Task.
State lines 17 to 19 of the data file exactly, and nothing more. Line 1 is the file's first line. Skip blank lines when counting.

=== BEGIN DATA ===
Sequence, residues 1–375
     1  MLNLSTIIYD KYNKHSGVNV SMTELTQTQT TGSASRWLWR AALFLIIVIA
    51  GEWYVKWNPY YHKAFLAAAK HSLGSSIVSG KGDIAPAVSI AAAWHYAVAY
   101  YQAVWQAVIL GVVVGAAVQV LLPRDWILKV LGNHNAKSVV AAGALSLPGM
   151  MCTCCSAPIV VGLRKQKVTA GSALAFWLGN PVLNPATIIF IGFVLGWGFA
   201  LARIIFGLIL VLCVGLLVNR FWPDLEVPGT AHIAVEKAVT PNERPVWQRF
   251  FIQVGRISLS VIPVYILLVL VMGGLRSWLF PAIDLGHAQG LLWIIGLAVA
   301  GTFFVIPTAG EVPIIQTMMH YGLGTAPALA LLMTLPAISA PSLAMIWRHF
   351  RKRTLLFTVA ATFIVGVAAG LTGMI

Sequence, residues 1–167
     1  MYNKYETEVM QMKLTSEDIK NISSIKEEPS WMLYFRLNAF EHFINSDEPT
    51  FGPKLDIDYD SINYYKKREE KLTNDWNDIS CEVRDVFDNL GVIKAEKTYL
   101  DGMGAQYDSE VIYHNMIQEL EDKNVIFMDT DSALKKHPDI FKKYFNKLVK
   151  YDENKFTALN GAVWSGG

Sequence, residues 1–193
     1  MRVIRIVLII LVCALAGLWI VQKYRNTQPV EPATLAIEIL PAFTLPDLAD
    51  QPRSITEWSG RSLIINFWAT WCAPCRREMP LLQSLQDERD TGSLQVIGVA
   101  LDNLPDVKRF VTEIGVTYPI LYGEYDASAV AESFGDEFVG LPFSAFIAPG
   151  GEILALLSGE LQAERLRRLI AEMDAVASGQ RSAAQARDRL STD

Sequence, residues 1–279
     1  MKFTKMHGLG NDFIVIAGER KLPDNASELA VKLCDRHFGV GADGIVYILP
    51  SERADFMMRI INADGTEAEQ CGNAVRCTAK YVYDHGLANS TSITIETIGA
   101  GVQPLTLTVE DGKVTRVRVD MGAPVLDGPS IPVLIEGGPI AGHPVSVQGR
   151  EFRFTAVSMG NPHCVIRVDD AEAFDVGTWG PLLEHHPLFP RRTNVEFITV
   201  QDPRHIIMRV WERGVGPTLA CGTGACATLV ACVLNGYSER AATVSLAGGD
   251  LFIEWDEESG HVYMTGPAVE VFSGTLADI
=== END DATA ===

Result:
    51  QPRSITEWSG RSLIINFWAT WCAPCRREMP LLQSLQDERD TGSLQVIGVA
   101  LDNLPDVKRF VTEIGVTYPI LYGEYDASAV AESFGDEFVG LPFSAFIAPG
   151  GEILALLSGE LQAERLRRLI AEMDAVASGQ RSAAQARDRL STD